The way forward? State funding of elections and funds apportioned on vote basis secured by candidates. Alternatively, State funding of Parties with EC prescribing a ceiling for Parties’ expenditure, like for candidates, donations should be evenly spread, not necessarily equally, but in some proportion to seats in Parliament. To ensure this, a compulsory social audit of political funding by EC is necessary or by a group of auditors shortlisted by CAG alongside ban on private donations.

Monies should be released to candidates, not Parties and 50% given as advance pre-election on past performance basis. Government should constitute Rs 5000 crores fund over five years for part-funding candidates spending. Election account of candidates and Parties should be open to  citizens to remove public perception of our politicians promoting a quid-pro-quo through illegal donations and businesses.

Spending by recipient Parties should be equitable over constituencies to further democratize elections thereby attracting more capable but less affluent people to contest. An independent national election fund be constituted where all tax-free donations could be made. It could be operated by the EC or any other independent body.

The EC should be empowered to supervise all financial transactions by political bodies which have solicited or spent money to support/defeat candidates. Additionally, it should verify these and disclose them to the public. This would be akin to the US set-up under the Federal Election Campaign Act 1974 which created an enforcement agency, Federal Election Commission to do so. The EC would have full authority to oversee inflow and outflow of political finance and institute legal action if scrutiny is stone-walled.

Furthermore, according to the International Institute for Democracy and Electoral Assistance (IDEA) Handbook 2003 in nearly 60 countries, including the US, UK, Japan, France, Germany and Thailand Parties are bound to disclose all contributions beyond a specified threshold. Unsurprisingly, India is not among them.

Also, there exists a ban on making anonymous donations to Parties in more than 45 countries. Obviously, India again is not among them even though it has a provision for public disclosure of expenditure by candidates but there is no ceiling on Party election expenditure. This leaves enormous scope for gargantuan indirect spending on polls as admitted by various MPs who brag about crores spent on their elections against the stipulated limit of Rs 70 lakhs.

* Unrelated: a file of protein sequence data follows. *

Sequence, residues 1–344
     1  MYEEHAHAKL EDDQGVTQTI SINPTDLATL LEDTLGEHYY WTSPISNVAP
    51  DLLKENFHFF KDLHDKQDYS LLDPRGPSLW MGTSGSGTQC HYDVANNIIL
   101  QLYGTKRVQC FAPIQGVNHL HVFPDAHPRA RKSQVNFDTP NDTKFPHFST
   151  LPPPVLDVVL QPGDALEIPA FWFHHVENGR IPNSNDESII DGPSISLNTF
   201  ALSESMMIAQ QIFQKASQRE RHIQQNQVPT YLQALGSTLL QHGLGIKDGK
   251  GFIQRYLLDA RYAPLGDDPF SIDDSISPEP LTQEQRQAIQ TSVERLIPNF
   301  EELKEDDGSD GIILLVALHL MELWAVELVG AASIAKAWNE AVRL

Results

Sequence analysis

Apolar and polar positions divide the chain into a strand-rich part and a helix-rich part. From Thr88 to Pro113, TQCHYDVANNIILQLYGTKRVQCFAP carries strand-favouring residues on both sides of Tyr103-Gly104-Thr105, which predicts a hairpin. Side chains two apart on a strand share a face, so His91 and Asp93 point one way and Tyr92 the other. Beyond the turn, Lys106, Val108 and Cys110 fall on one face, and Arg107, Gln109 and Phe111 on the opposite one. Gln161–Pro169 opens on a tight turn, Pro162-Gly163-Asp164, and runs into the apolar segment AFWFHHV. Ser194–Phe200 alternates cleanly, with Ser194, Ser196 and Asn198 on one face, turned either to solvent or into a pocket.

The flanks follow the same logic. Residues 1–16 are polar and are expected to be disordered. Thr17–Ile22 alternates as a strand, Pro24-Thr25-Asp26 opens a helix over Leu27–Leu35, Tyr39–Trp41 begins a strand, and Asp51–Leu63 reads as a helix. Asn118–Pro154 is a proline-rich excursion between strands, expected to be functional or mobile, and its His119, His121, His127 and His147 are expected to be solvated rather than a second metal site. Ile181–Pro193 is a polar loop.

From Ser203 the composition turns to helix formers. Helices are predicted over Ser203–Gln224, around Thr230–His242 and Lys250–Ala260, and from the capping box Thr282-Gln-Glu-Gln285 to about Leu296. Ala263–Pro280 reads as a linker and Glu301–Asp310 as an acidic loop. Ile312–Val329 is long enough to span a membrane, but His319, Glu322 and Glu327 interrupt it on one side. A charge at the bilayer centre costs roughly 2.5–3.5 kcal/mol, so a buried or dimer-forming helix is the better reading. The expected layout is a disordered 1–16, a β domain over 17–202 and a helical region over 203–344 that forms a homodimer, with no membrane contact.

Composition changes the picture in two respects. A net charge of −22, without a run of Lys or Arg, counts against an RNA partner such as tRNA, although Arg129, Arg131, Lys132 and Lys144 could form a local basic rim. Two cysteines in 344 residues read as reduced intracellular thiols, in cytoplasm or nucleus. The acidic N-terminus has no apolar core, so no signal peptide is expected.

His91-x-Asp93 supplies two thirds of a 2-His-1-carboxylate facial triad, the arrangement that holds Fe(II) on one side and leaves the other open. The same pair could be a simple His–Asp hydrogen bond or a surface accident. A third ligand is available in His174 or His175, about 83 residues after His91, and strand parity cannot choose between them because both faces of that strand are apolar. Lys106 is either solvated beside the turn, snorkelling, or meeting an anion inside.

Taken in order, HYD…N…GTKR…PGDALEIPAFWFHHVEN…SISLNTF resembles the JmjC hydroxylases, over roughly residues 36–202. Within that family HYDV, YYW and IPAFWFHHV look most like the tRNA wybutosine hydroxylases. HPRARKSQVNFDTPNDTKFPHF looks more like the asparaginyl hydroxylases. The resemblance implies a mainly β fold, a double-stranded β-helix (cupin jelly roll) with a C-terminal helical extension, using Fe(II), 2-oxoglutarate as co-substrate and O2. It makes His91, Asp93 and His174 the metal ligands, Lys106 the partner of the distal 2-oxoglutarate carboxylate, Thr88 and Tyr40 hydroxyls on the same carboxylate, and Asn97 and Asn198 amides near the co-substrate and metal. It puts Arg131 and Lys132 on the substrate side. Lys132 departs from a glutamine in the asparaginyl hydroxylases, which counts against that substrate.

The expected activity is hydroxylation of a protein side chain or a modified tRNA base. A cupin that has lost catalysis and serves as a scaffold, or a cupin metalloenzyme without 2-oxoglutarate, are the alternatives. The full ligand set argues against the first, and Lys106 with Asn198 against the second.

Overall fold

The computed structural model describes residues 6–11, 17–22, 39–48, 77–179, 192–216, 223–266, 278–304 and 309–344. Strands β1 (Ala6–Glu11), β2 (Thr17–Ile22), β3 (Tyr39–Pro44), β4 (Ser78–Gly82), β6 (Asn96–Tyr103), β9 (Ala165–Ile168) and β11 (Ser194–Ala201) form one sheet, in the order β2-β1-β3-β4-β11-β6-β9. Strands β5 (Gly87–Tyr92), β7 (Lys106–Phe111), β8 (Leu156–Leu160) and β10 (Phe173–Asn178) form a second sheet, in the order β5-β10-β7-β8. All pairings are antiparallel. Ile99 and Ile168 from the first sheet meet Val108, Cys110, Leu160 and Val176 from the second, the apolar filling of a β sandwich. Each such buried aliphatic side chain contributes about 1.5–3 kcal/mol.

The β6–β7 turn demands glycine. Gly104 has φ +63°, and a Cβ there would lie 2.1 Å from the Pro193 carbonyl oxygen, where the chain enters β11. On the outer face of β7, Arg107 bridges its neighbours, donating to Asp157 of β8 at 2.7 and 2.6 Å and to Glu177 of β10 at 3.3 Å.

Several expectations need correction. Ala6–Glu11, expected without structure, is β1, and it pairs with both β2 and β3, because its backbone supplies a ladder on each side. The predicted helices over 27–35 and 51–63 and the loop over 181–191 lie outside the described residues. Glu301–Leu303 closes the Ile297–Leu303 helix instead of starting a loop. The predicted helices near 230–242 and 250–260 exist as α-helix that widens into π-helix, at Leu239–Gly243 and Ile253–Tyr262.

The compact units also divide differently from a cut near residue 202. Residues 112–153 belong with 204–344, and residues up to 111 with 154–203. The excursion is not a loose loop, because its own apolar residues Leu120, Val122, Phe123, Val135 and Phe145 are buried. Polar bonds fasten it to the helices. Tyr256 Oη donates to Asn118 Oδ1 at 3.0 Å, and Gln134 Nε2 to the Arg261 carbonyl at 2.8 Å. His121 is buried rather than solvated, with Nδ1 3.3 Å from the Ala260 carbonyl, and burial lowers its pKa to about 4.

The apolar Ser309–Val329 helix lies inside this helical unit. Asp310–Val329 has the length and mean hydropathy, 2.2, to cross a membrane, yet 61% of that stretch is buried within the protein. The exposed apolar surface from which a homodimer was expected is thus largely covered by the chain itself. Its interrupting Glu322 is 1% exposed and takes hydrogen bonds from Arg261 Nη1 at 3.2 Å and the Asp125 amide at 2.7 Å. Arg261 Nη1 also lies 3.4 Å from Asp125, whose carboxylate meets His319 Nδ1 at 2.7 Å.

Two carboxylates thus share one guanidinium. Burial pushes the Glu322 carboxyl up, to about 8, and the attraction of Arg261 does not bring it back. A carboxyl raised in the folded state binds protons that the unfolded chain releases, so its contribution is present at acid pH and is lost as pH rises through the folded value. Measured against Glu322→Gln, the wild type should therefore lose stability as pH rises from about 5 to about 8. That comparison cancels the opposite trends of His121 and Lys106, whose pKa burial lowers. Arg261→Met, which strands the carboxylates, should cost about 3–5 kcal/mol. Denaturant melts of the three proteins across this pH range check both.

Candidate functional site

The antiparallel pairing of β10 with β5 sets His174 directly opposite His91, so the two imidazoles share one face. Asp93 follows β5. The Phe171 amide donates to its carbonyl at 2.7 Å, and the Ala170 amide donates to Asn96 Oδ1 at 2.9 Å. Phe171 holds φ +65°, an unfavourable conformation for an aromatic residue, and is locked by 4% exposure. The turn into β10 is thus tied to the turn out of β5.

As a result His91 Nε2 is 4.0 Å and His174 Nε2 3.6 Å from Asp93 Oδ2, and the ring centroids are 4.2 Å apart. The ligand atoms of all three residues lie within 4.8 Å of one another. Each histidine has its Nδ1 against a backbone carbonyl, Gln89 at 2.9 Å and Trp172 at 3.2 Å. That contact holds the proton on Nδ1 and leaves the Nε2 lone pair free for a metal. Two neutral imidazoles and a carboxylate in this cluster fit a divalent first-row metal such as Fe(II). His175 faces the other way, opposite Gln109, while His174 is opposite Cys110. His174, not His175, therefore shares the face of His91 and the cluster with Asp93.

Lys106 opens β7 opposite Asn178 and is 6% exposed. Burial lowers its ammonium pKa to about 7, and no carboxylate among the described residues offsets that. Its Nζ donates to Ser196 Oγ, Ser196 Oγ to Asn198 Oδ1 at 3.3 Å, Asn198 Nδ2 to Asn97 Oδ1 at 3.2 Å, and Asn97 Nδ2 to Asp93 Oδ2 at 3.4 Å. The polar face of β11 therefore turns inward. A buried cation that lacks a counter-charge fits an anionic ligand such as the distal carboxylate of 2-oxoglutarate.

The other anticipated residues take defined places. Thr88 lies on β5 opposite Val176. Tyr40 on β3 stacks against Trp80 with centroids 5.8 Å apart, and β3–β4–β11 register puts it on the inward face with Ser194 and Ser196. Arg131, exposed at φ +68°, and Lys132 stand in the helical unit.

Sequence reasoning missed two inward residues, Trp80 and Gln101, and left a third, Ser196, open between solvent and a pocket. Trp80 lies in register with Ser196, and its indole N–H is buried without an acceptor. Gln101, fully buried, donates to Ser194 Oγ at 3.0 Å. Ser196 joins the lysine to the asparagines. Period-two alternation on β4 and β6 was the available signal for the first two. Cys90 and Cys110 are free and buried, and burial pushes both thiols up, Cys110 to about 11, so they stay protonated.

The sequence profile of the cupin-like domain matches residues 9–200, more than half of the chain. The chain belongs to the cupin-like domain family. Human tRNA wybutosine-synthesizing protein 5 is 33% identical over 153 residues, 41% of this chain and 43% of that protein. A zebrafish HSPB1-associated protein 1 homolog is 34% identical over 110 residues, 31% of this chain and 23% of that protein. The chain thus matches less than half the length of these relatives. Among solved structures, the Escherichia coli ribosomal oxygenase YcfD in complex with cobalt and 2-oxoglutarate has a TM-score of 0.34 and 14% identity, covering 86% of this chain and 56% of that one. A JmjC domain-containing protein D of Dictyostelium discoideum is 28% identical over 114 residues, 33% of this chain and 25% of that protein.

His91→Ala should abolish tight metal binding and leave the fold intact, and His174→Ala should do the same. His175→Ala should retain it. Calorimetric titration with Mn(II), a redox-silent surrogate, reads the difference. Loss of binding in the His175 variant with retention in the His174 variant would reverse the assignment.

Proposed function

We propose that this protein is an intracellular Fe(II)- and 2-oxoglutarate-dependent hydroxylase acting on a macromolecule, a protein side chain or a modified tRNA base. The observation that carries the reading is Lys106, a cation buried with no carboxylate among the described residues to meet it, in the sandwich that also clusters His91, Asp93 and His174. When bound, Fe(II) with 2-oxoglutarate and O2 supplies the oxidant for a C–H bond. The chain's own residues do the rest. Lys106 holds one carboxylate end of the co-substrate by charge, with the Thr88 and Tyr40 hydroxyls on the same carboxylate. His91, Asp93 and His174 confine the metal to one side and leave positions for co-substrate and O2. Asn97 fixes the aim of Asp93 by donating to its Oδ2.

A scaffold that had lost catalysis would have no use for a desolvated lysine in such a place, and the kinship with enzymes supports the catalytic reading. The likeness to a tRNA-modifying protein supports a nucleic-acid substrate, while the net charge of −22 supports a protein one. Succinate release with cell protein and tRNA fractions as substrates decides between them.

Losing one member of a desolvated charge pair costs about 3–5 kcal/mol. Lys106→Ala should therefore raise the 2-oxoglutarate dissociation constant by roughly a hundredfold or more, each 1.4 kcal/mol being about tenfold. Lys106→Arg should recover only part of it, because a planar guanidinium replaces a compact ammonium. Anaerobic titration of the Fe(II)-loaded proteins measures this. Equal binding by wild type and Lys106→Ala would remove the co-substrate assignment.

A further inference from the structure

Arguably when we have a model code of conduct for elections why not a model code for political finance? All in all we need to remove clouds of opacity of political funding which would go a long way in enhancing public faith and demonstrating a concern for ethical standards.

In a milieu where are netagan have much to lose and the public everything to gain by a transparent funding system, unless one determines sources that should be legally tapped for Party expenses there is little hope of minimizing the evil influence of vested interests. Clearly, we have a long way to go before we can make elections free and fair as Parties will continue to stonewall all efforts to come clean on funding.

Thus, irrespective of whether a Party is in power, donations or bonds must be made public as people have the right to know whether a Party’s stand on a policy is influenced by the source of its funding. Time to end bhrashtachaar. Our netas and Parties need to collectively break loose from unaccounted and excessive money power from the power game. Else our netagan’s accusations against rivals of scams and scums will remain empty blabber!

 

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About the author

Poonam I Kaushish | INFA